2020-06-30 Fear (2 of 4) Our Relationship to Fear
3:00PM Jun 30, 2020
So we're looking at fear these days. And there are two kinds of fear. The fear which we are trying to become free from, and the fear that we want to listen to. There's the fear that is motivated by attachments, by greed, hatred and delusion. And the fear that arises out of even freedom, a sense of from our wisdom, our love, our care, the healthy fears, the fear of causing harm. And so the fear of ourselves causing harm to others, fear of ourselves causing harm to ourselves. And to watch and see and be mindful, know when we're about to cross that line. And that hesitation, that feeling, uh oh, that's not a good place to go. That's a frightening. That is considered in the Buddhist tradition, a very healthy kind of fear. The fear that arises out of greed, hate and delusion, to support the greed, hate and delusion. That is what the practice is really trying to address and learn to be free of.
So to learn to distinguish between these two. And of course, it's not always so clear that they're separate or there is often kind of a mixture of wisdom and confusion, certain kind of greed and generosity that can be mixed up. And so to sit quietly and begin to kind of unpacking the layers or teasing apart the different aspects is very, very helpful.
Sometimes fear is the motivating force for greed, hatred and delusion, for being attached. And sometimes when there's a lot of anger, for example, it can be useful to notice the fear that might be underneath it. Because if you can see the fear, then it's a whole different way to work with it. Then we work with a fear. That's the primary thing and the anger and hostility is just a symptom. It's a messenger. And they say, you're not supposed to kill the messenger. You want to go look at the message is. And sometimes anger is the messages that we're afraid and that's what needs to really be addressed. And sometimes greed, hate and delusion is the cause of fear. We want something so strongly that we're afraid of not getting or we're afraid of losing, we greedily want to hold on to what we have and we're afraid of losing it because it's whatever reason.
So to look at this and to tease it apart is important. And one of the ways of thinking about this, is we want to understand our relationship to fear. How do we meet fear when it's there? I believe that all of us, just about all of us, will have fear of some kind of other, whether it's healthy fear, unhealthy fear or combination of both. And the question is, what is your general attitude towards yourself and towards the fear that might arise for you? And to begin looking at that. Answer that question your for yourself. Spend a day a week, a year a lifetime looking at what is the fear that's here? What is my relationship to it? How do I generally act? How do I generally meet? How do I generally react to fear when it arises? So do I believe it automatically? Do I recoil from it and shutdown and there's you know, pull away, avoid everything that makes me afraid. Do I just put my head in the sand like an ostrich so that I don't have to look at it? Or when I'm afraid do I attack? Do I get angry? Do I get become critical? Do I blame someone else for my discomfort or something to maybe to deflect the attention from myself or deflect my own attention to my fear and some idea that I have to kind of overcome it and, but not look at, not be with it. When there's fear, do we feel bad about ourselves, that we shouldn't be afraid and if we were a different kind of person, we wouldn't be afraid. And so we begin kind of oppressing ourselves and making life difficult because these heavy burdens of shoulds and how we think we should be.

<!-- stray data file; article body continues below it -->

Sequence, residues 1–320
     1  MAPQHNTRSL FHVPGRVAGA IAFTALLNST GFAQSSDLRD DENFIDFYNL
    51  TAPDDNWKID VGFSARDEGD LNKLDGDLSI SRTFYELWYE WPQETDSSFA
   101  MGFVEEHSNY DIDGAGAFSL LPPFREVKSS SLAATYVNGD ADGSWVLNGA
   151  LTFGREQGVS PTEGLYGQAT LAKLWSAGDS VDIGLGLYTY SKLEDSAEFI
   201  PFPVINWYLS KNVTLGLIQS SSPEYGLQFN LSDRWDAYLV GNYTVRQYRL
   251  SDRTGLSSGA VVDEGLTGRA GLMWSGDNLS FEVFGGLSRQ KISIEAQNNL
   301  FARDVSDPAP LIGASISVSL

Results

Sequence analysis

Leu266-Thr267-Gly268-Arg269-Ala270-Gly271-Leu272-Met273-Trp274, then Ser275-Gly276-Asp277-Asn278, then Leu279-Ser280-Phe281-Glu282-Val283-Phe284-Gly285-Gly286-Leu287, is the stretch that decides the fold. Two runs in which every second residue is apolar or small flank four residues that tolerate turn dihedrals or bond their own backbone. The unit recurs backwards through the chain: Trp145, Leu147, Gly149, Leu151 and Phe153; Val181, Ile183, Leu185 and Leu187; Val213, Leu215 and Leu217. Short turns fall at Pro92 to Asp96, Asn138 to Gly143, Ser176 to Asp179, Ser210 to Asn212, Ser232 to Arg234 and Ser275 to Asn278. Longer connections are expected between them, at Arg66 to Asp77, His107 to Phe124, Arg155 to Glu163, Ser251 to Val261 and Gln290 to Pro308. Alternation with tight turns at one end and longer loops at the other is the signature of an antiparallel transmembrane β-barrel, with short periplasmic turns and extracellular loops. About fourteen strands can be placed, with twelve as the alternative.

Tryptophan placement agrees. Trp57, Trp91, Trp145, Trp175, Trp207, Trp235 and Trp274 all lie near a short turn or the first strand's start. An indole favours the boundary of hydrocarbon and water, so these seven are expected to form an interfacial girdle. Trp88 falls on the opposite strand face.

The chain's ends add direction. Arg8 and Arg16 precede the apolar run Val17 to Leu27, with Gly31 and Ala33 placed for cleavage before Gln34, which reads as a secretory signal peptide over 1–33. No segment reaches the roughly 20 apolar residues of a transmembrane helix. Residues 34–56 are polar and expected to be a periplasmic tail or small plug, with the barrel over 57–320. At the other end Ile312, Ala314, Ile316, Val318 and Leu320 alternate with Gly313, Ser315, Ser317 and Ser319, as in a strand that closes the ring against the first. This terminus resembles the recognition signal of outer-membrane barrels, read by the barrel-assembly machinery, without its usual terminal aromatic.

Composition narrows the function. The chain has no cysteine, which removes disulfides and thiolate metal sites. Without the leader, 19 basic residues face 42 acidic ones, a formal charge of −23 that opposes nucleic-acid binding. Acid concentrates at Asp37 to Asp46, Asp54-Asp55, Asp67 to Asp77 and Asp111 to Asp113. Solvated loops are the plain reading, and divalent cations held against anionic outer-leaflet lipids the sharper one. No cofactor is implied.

Are we afraid of fear? If we feel the fear come and we pull away. How are we with fear? How do we meet it? Of course, the answer, I think, has a lot to do with the intensity of the fear. And there's a wide wide range of what people can feel. And it all should be respected. And depending on the intensity of it, we might relate to it differently. But one area where it's always useful, I think to think of is it a laboratory, to discover and explore and work with fear is the minor fears we have. When I started looking at it myself, I was really surprised how it was such a constant companion and the smallest kind of ways. If I was standing in line in a store, I had a teeny bit of fear about, you know, who was behind me, in front of me, what they would think of me, fear by what they thought it was in my shopping cart. And this idea of fear, in all these small ways was there. And as I looked at it more deeply for myself, I saw that by looking at the fear, I saw that for me it that particular kind of issue was fear, particular fear was fear of rejection. Somehow people would either reject me or they wouldn't like me. And then that became really, to see the specific city have it, really helped me to look at it. And it was relatively very mild in this and you know, in supermarket lines, or things like that. But mild and small doesn't mean that it's inconsequential. It sometimes often is when you look at it, taps into something which is really important for us in deeper, a root in a sense.